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Discussion Starter #1 (Edited)


Hey Guys


I need your advise. I have a badly corroded wiring harness on my ford tempo. 1990 . I puchased a replcement connector to replace the badly
corroded orginal. when I removed the original I found the female plug connections in the alternator rotted away. It seems that you cannot buy a replacement. only a brand new
alternator ..........as pictured in the link.




http://www.ebay.com/itm/380670861327?_trksid=p2055119.m1438.l2649&ssPageName=STRK%3AMEBIDX%3AIT

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</td><td id="TextCell_14941309537360.039256390921010686" style="padding: 0px; vertical-align: top; display: table-cell; position: relative;" colspan="2">
[FONT=wf_segoe-ui_light]1988-1990 FORD TEMPO, MERCURY TOPAZ 2.3L ALTERNATOR REMAN | eBay

www.ebay.com
Do you have a hard to find part? No problem! | eBay!
</td></tr></tbody></table>




I can remove the harness plug which is only bolted on with a plastic cap on the bolt top,


Would this not be a three wire alternator set up. Could I not just trash the harness , crimp eyelets on all three wires leading to the harness and bolt these to the only post on the alternator?
All three wires in the black harness must merge thru the plastic to the metal contact bolting to the post.





http://www.ebay.com/itm/Alternator-Connector-Dorman-85123-/371567526482?fits=Make%3AFord%7CModel%3ATempo&hash=item5683268252:m:mzsZ-tHYaSB8zb-LWva1uTw&vxp=mtr


Warmly
Lawrence





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Looks like a 2G to me. As such you would have the connector for the I(gnition), S(tator), and A(rmature) up top that must be connected properly or it won't work.
The big terminal is usually one big wire to the battery positive terminal. On the way to the battery it might stop by the starter solenoid and have other wires tacked onto it. If you are say that instead of one big fat wire you have three more modestly sized wires there, then sure. Tie them all together because that's what's going on there anyway.
 

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Discussion Starter #3
Looks like a 2G to me. As such you would have the connector for the I(gnition), S(tator), and A(rmature) up top that must be connected properly or it won't work.
The big terminal is usually one big wire to the battery positive terminal. On the way to the battery it might stop by the starter solenoid and have other wires tacked onto it. If you are say that instead of one big fat wire you have three more modestly sized wires there, then sure. Tie them all together because that's what's going on there anyway.

Thanks 'GypsyR'


Yes I have two moderate 10-12 gauge wires and one smaller than that. I used a multi meter and tested continuity. Two wires give connection to the battery post hole washer. They have their own plastic compartment plug and have connectivity to themselves. The third small guage has it own compartment and no connectivity to anything. I don't think theirs a diode inside, or maybe its fried. I will try to hook up eyelets and try ....will report back. Why cant it be my mustang!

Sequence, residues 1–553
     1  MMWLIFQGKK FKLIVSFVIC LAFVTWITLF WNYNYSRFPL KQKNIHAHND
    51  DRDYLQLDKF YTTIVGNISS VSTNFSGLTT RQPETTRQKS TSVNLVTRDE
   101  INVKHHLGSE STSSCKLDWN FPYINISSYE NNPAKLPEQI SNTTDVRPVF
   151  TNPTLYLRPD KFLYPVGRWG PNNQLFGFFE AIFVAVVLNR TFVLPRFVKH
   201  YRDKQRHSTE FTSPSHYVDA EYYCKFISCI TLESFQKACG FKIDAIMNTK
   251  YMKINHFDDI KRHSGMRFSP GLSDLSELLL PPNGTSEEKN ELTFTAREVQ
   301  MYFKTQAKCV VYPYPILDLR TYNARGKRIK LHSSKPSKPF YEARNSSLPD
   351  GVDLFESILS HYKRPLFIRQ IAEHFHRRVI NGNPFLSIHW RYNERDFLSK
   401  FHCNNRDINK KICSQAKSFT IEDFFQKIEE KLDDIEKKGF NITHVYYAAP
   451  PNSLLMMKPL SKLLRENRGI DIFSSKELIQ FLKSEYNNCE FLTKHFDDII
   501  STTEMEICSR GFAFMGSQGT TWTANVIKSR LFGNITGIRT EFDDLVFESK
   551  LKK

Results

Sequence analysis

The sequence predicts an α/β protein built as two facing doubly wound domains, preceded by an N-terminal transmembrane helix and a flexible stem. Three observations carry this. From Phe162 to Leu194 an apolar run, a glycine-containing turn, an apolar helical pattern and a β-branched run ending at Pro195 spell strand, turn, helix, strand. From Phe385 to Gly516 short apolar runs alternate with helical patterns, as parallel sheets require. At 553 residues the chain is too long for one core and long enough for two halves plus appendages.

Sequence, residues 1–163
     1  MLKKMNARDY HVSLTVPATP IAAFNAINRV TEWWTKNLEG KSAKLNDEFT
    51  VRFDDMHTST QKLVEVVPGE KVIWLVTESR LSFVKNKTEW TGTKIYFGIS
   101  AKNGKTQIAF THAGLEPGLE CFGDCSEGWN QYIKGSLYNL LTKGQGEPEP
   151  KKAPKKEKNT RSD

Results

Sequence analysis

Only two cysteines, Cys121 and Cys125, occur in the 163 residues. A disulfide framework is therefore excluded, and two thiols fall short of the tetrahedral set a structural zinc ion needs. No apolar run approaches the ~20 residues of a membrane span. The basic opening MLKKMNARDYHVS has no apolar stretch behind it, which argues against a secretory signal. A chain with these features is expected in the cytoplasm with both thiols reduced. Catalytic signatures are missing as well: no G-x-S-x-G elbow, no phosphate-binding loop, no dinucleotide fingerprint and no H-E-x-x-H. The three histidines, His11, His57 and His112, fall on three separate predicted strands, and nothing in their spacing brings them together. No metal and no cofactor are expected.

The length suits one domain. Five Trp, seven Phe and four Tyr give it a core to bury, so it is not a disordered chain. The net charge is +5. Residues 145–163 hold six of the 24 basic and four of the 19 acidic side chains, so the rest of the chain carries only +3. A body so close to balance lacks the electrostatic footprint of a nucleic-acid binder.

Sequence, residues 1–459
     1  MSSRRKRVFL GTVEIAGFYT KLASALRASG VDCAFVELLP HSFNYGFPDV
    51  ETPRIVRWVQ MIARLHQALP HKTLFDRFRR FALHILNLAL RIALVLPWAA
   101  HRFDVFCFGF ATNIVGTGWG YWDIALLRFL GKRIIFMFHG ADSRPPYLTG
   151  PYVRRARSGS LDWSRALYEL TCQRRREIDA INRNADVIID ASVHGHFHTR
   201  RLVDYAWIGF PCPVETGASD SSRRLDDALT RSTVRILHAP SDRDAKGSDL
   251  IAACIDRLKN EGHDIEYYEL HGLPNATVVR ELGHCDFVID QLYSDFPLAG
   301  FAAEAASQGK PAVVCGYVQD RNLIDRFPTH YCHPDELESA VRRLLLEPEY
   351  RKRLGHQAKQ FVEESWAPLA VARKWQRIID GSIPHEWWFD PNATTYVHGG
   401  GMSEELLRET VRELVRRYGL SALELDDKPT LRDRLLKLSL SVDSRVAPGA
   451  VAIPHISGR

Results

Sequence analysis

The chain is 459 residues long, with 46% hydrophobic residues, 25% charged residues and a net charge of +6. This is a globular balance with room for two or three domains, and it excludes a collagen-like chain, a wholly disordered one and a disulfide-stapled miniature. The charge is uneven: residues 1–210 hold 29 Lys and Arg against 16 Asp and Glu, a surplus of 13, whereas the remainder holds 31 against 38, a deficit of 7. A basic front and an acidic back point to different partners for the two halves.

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Just buy a new regulator/brush older assy and install it in your old alternator.

John
 

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Discussion Starter #5
Thanks guys


Well I attempted my eyelet connectors to the Alternator. Hooked the battery up stated the engine and a few seconds later a loud POP. And smoke rising from the battery area, also minor cigarette amount of smoke from the alternator.


So I had no more functional black box connector and the only way was to buy a new alternator to get one. So after hooking up the alternator and plugging in the plug marked S I A. and leaving the black box unconnected I run the engine with only 12 volts result. Even if I touch the wires back to the correct black box connector wires I still only receive 12 volts.


So I fried something. I noticed a started solenoid on the wall near the battery smoke area.




A> but if that was damaged I would not get signal continuity as I do thru the solenoid and also the car would not start right?

B> This modern car has the Voltage regulator built into the alternator correct? I find no V regulator on the firewall?
 

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Yes it has the regulator internally. Sounds like you hooked one of your big positive wires to ground and blew the fusible link out of it. You can generally find the burnt link by feeling and pulling on the wire for a weak or soft place. Sometimes they will burn through the insulation so you can spot them easily. Sometimes it's just internal so have to look harder. Check for continuity on all one by one to start the hunt.
 
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